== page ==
8. Professionals

    How to Protect Elderly Clients from Predators

    Advisors dealing with older clients face a specific set of difficulties. Here's how to help protect them.
  9. Taxes

    How to Tell if You Need an Estate Planning Lawyer

    Estate planning is an important and often neglected part of financial planning, which can be costly when avoided or done improperly.
  10. Retirement

    Inherited IRA and 401(k) Rules: Don't Run Afoul

    What you need to know when it comes to the complex rules for inherited IRAs and 401(k)s.
RELATED FAQS
  1. Can I put my IRA in a trust?

    You cannot put your IRA in a trust while you are living. You can, however, name a trust as the beneficiary of your IRA and ... Read Full Answer >>
  2. How does the trust maker transfer funds into a revocable trust?

    Once a revocable trust is created, a trust maker transfers funds or property into the trust by including them in a list with ... Read Full Answer >>
  3. What is the difference between a revocable trust and a living trust?

    A revocable trust and living trust are separate terms that describe the same thing: a trust in which the terms can be changed ... Read Full Answer >>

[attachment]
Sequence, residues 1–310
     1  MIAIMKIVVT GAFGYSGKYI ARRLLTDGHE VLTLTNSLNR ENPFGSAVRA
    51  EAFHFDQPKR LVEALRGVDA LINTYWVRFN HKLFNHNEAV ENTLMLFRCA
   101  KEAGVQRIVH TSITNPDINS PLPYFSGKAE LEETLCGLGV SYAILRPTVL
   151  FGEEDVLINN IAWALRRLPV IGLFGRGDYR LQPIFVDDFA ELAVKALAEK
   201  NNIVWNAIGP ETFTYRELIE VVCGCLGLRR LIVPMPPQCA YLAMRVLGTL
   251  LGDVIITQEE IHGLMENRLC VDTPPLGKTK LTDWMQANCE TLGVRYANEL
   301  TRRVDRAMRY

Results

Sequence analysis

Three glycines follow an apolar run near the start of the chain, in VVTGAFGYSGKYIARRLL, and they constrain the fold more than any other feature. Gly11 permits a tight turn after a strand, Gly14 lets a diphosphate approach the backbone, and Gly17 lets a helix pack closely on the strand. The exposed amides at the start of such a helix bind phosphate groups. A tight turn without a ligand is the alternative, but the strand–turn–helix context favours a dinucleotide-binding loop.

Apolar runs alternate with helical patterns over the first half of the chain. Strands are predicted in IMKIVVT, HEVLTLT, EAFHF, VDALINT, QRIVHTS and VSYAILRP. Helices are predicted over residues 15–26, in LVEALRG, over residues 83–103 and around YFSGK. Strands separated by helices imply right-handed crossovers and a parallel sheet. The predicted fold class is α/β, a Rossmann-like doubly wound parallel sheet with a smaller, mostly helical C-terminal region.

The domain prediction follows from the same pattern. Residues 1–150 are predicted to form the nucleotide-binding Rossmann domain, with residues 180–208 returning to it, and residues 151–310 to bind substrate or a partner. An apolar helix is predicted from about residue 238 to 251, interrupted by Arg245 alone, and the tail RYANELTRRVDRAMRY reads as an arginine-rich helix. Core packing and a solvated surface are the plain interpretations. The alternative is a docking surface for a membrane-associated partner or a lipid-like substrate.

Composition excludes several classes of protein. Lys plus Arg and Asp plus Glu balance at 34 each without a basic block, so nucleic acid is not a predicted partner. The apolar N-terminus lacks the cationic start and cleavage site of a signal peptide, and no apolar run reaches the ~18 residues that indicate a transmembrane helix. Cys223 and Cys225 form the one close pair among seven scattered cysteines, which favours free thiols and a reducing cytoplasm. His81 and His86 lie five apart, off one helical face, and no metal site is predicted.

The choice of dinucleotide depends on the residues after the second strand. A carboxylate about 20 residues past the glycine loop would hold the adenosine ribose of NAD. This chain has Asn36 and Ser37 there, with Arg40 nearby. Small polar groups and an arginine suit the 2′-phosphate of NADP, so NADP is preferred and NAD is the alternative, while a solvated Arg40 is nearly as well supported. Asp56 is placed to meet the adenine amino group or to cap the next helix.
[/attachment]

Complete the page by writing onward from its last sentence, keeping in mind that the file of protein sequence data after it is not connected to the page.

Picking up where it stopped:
4. How exactly does one go about revoking a revocable trust?

    The basic steps involved in revoking a revocable trust are fairly simple, and include transfer of assets and an official ... Read Full Answer >>
  5. What is the difference between a revocable trust and an irrevocable trust?

    An irrevocable trust and a revocable trust are differentiated through the ability to change the trust. With an irrevocable ... Read Full Answer >>
  6. What is a family Limited Liability Company (LLC)?

    A family limited liability company (LLC) is formed by family members to conduct business in a state that permits such form ... Read Full Answer >>

You May Also Like

Hot Definitions
  1. Bear Market

    A market condition in which the prices of securities are falling, and widespread pessimism causes the negative sentiment ...
  2. Alligator Spread

    An unprofitable spread that occurs as a result of large commissions charged on the transaction, regardless of favorable market ...
  3. Tiger Cub Economies

    The four Southeast Asian economies of Indonesia, Malaysia, the Philippines and Thailand. Tiger cub economy indicates that ...
  4. Gorilla

    A company that dominates an industry without having a complete monopoly. A gorilla firm has large control of the pricing ...
  5. Elephants

    Slang for large institutions that have the funds to make high volumes trades. Due to the large volumes of stock that elephants ...
  6. Widow's Exemption

    In general terms, a widow's exemption refers to the amount that can be deducted from taxable income by a widow, thereby reducing ...
Trading Center
×

You are using adblocking software

Want access to all of Investopedia? Add us to your “whitelist”
so you'll never miss a feature!